(JollofNews) – Gambia’s Interior Minister, Mai Ahmad Fatty has been strongly criticised for hastily orchestrating the arrest and detention of former intelligence officials without building strong evidence or notifying the Ministry of Justice.
Nine former senior intelligence officials were arrested and charged for the torture and murder of Solo Sandeng, a member of the president’s party.
Mr Sandeng died in custody a few hours after he was arrested for leading a rare anti-regime protest.
However, since the arrest of the men, the case has suffered several adjournments due to lack of material information. On Monday, state prosecutors demanded the trial to be put on hold as investigations are still ongoing and documents such as exhibits, summary of evidence, witness statements, among others, are missing.
The Ministry of Justice said it was shocked at the speed at which the officers were arrested by the police without its knowledge.
” It is rather unfortunate that the Ministry of Justice was not consulted by the Ministry of the Interior or the police before any action was taken in this case, especially in view of the fact that the Justice Ministry was going to be ultimately responsible for the case when it is presented before our courts,” said Abubacarr Tambedou, Attorney General and minister of Justice.
“The Ministry of Justice has requested the police to conduct a more thorough investigation into the case. I wish to state for the record, that this is in no way a reflection of the work of the police. They too have come under a lot of pressure to conduct a complex investigation within a very short time. This is why we must always endeavour to investigate before arrest rather than arrest and then investigate.”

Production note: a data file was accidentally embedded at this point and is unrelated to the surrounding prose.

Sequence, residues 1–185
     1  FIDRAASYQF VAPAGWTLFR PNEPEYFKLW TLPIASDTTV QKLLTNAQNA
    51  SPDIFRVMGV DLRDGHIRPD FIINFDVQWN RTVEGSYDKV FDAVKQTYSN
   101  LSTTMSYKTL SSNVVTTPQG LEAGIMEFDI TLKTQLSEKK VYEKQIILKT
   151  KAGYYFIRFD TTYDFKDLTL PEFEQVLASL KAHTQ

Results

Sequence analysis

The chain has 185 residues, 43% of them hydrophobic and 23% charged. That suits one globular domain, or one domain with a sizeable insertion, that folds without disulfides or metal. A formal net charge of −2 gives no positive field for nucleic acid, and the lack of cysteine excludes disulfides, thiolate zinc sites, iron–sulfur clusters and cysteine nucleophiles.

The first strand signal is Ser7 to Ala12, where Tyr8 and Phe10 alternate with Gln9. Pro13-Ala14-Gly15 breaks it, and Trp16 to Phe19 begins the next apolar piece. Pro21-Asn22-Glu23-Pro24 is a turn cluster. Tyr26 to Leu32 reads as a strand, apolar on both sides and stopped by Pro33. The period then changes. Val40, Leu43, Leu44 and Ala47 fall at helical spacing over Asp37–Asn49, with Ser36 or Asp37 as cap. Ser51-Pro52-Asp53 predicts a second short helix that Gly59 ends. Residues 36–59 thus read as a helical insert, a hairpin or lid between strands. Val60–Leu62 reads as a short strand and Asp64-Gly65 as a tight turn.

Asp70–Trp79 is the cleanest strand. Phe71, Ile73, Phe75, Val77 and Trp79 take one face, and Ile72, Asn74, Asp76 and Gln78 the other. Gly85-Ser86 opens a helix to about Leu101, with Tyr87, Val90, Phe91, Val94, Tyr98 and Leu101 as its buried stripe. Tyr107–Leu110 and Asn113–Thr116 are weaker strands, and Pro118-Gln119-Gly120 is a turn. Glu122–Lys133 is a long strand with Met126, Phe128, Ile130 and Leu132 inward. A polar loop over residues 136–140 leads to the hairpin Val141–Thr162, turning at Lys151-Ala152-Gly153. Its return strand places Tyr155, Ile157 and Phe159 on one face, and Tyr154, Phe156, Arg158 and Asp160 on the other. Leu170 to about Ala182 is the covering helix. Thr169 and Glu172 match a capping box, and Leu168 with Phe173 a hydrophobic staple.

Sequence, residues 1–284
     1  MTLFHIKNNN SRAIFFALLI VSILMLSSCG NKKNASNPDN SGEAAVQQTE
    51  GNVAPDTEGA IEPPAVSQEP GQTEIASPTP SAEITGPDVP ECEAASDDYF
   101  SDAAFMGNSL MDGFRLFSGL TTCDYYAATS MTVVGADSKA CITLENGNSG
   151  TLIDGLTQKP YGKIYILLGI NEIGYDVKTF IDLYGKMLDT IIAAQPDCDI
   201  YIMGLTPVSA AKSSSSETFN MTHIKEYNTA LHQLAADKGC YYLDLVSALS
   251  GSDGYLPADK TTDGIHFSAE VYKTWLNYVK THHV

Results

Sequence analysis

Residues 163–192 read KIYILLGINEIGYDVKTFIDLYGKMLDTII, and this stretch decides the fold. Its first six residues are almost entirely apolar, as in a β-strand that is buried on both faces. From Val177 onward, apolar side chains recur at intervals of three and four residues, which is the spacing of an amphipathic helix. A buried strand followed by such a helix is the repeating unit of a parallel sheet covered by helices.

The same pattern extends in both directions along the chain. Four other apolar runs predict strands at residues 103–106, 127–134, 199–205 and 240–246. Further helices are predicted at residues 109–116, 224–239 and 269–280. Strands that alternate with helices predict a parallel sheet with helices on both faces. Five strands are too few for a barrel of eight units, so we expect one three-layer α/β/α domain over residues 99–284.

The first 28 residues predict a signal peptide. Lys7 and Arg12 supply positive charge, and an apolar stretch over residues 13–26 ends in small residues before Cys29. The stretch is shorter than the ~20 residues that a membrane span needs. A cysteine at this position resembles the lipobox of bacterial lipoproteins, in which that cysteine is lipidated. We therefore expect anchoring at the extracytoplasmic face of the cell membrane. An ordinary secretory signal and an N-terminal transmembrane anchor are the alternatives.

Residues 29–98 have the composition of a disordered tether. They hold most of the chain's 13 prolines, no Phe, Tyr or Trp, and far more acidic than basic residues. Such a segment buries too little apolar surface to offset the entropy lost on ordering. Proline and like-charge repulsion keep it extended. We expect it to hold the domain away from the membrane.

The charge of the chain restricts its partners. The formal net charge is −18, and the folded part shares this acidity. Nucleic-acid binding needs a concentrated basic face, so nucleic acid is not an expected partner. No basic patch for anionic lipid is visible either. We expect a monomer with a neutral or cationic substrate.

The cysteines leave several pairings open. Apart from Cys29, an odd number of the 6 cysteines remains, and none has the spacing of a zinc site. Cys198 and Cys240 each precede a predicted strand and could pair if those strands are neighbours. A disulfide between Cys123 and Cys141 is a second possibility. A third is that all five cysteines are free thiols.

The Ministry of the Interior has defended the arrest of the men which it said properly done in accordance with the law, and the best interest of the government of The Gambia and the citizens particularly the victims of torture, enforced disappearances, killings and other predatory mal-governance.
Interior Minister Mai Ahmad Fatty said the apprehension of the former officers was a result of excellent collaborative effort between the police and the armed forces which required utmost secrecy and discretion within the law ‘so as to avert the escape of some of these dangerous elements out of the jurisdiction.’
But the Justice minister has warned the government not to rush with criminal investigations.
Mr Tambedou said: “Criminal investigations require careful planning and strategizing and will often involve specialized investigation techniques which may not be readily available in this country. Otherwise, there is a real risk of missing or losing crucial evidence which can lead to the collapse of an entire case at trial. This is why it is preferable that criminal investigations and evidence collection be guided by the Justice Ministry right from the start.”
He added: “We must recognize that we are now operating under a new and different judicial climate and that our judiciary will be expected to assert their judicial independence and will vigorously scrutinize every piece of evidence presented by the prosecution as required in any normal criminal proceeding. That is why we must also adhere to due process.
“Anyone familiar with serious criminal prosecutions will understand and appreciate the challenge of proving beyond reasonable doubt every element of a crime charged and the modes of liability alleged. Hence the importance of thinking through certain matters and taking great care before acting.